Squamous cell carcinomas (SCCs) are amongst the commonest malignancies in adults but in paediatric patients are exceptionally rare, particularly those involving the oral mucosa. The aim of the present report is to describe the features of a gingival well-differentiated SCC in a 7-year-old Brazilian boy. Immunostaining for p53, Ki-67 and Mcm2 showed increased cellular proliferation compared with normal epithelium. In situ hybridization failed to identify human papilloma virus infection. Correct diagnosis of well-differentiated squamous carcinoma can be difficult in children and differentiation from pseudoepitheliomatous hyperplasia is essential to establish proper treatment.
Oral squamous cell carcinomas (OSCCs) are amongst the commonest malignancies in adults and are considered to be age-related . Patients younger than 40 years account for less than 4% of oral malignancies and only a small subset of this tumour occurs in paediatric patients . OSCC in children may be considered a distinct entity possibly with a unique aetiology and clinical progression. Paediatric OSCC can be related to immunosuppressive therapy, viral infection, malnourishment, passive smoking and late complications of chemo/radiotherapy . Genetic conditions such as KID syndrome (keratitis, ichthyosis, and deafness), xeroderma pigmentosum, Fanconi’s anaemia and Li Fraumeni syndrome have also been associated with the occurrence of carcinoma in young individuals . The aetiology of paediatric OSCC should not ignore the competitive trauma .
Clinical features of paediatric OSCC are less suggestive of the disease compared with the presentation in adults, and eventually can mimic proliferative inflammatory lesions, which sometimes assume neoplasm-like characteristics . The tongue and gingiva have been suggested to be the main sites of occurrence, whilst in adults the tongue and floor of the mouth are the regions most affected. Metastasis is not regular in this subset of patients, possibly supported by the lower mitotic index observed in the tumours of younger patients . The aim of this paper is to report a case of gingival SCC in a male child treated with surgery.
A 7-year-old boy was referred by his paediatric dentist for treatment of a gingival hyperplasia with approximately 3 months of duration. The patient was otherwise healthy. Extraoral examination was unremarkable and no palpable lymph nodes were observed. Intraoral examination revealed a nodular ulcerated lesion on the left maxilla, extending from the lateral incisor to the second deciduous upper molar, which presented grade 3 mobility ( Fig. 1 A) . An orthopantomogram revealed a slightly radiolucent lesion, causing alveolar bone destruction and occlusal radiography showed a small multilocular area on the palate ( Fig. 1 B). The clinical diagnosis included a reactive lesion (pyogenic granuloma), Langerhans histiocytosis, lymphoma and SCC. An incisional biopsy was performed under local anaesthesia and the specimen was sent for microscopic evaluation.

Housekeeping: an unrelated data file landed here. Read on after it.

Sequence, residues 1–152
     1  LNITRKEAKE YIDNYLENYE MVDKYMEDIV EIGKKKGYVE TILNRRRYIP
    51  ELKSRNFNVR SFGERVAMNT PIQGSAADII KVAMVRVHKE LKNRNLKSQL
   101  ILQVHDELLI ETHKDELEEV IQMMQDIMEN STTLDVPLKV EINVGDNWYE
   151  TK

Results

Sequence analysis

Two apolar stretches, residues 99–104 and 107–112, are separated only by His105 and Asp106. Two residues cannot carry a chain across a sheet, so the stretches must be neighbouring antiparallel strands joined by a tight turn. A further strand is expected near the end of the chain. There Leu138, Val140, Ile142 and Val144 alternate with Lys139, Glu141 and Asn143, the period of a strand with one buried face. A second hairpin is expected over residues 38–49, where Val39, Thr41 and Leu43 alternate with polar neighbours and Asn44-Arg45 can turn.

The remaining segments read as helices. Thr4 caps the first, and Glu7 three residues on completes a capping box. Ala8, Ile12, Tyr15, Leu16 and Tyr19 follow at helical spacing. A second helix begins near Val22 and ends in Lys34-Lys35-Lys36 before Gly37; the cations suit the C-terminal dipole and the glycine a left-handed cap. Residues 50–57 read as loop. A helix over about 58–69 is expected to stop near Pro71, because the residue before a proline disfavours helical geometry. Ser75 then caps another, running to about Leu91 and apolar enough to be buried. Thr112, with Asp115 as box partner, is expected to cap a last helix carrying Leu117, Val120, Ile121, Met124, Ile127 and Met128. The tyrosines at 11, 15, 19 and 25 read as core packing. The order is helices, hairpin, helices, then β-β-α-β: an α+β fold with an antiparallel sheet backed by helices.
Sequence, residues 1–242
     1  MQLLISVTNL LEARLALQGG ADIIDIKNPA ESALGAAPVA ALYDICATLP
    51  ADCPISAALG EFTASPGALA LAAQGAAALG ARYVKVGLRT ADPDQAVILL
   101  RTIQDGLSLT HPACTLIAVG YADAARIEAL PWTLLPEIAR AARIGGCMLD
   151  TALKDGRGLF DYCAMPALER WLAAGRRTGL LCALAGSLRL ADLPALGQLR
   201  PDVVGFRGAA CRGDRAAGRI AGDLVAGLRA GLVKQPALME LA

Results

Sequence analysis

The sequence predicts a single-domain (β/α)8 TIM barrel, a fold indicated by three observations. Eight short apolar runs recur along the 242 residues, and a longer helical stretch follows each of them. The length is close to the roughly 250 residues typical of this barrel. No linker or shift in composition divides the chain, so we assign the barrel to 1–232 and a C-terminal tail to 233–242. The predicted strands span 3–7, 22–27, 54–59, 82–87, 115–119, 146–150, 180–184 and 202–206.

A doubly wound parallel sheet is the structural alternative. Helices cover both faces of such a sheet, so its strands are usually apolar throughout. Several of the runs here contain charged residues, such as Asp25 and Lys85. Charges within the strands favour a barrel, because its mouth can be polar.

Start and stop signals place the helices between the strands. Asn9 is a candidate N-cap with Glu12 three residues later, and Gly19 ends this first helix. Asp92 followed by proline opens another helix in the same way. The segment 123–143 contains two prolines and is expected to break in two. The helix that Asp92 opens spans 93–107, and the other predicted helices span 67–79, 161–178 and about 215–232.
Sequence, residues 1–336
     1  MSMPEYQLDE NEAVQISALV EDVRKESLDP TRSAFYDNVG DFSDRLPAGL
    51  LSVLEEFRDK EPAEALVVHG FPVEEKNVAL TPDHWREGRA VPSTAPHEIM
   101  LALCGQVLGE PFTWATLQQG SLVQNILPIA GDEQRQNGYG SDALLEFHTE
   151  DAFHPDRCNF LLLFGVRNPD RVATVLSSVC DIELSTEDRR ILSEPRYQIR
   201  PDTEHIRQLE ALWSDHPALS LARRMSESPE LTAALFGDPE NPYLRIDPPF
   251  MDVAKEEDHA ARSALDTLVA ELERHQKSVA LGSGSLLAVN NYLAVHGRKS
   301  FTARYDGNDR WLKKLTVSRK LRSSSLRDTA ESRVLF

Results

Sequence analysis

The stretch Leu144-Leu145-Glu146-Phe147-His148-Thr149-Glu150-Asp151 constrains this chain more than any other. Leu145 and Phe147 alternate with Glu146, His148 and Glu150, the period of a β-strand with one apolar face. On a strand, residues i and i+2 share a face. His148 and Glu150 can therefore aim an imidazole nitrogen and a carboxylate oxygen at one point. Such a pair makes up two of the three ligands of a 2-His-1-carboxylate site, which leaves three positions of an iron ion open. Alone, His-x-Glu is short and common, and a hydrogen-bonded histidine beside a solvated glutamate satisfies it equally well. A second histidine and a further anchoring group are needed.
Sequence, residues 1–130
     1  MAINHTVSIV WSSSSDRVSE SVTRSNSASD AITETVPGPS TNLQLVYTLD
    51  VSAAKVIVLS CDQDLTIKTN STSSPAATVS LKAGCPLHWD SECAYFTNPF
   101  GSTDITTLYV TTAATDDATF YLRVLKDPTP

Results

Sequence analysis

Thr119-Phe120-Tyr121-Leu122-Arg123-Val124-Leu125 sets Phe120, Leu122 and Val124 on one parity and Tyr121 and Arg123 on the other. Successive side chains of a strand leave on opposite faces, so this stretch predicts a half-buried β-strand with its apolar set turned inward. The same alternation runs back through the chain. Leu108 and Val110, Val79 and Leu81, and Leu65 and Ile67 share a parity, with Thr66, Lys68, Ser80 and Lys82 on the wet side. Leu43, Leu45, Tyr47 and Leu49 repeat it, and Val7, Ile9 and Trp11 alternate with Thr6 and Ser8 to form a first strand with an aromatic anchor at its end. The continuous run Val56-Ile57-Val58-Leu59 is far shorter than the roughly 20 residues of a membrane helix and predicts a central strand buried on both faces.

After tissue processing, the slides were stained routinely and histopathological analysis revealed an intense epithelial hyperplasia associated with abundant keratinization ( Fig. 2 A) . Islands of neoplastic epithelial cells infiltrating the subjacent connective tissue with scarce mitotic figures were observed. A diagnosis of well-differentiated OSCC was made and additional image studies were requested for staging the disease. Nasofibroscopy, gastric endoscopic examination, plain radiography of the thorax, CT and magnetic resonance imaging failed to show evidence of regional or distant metastases. The tumour was clinically staged as T3N0M0 and a partial maxillectomy was the treatment of choice. A surgical specimen revealed similar aspects to the biopsy, confirming the diagnosis of OSCC. Considering the unknown clinical behaviour of the tumour, immunohistochemical reactions for p53 (DO7, 1:200, Dako A/S, Denmark) and proliferation markers Ki-67 (MIB-1, 1:200, Dako S/A, Denmark) and Mcm2 (NCL-MCM2, 1:50, Novocastra, UK) were performed. p53 was slightly positive on few basal cells ( Fig. 2 B). Ki-67 and Mcm2 were positive on the basal and suprabasal cells, with the last also being positive in the central portion of the tumoural islands ( Fig. 2 C and D). In situ hybridization for human papilloma virus (HPV) was negative (Wide Spectrum, HPV Probe, Dako S/A, Denmark). The patient has been followed up for 18 months and no signs of recurrence have been observed. A removable palatal obturator was manufactured and subsequent substitutions will be made at the end of the growth phase, when an implant-based oral rehabilitation will be performed.
OSCC is extremely rare in children . To the best of the authors’ knowledge, only 73 and 9 cases have been reported in patients younger than 20 and 12 years, respectively ( Table 1 ). Six of these patients were male and 3 were female, yielding a male:female ratio of 2:1. Site distribution presented a unique pattern; gingival lesions accounted for six and tongue lesions for two cases. Gingival OSCC in adults is uncommon, but it is the predominant site in children under 12 years.
|Present case||1||M||7||Maxillary gingiva|
|M ehanna et al.||1||M||10||Mandibular gingiva|
|S tolk -L iefferink et al.||1||M||11||Maxillary gingiva|
|A jayi et al.||1||M||Unknown||Mandible|
|B inahmed et al.||1||F||10||Maxillary alveolus|
|T hompson et al.||20||M (10)
|2–20||Tongue = 9
Lip = 6
Unknown = 5
|C arvalho et al.||1||F||6||Maxillary gingiva|
|K eukens et al.||1||M||9||Tongue|
|E arle et al.||1||M||7||Gingiva|
|Y agi et al.||1||F||10||Tongue|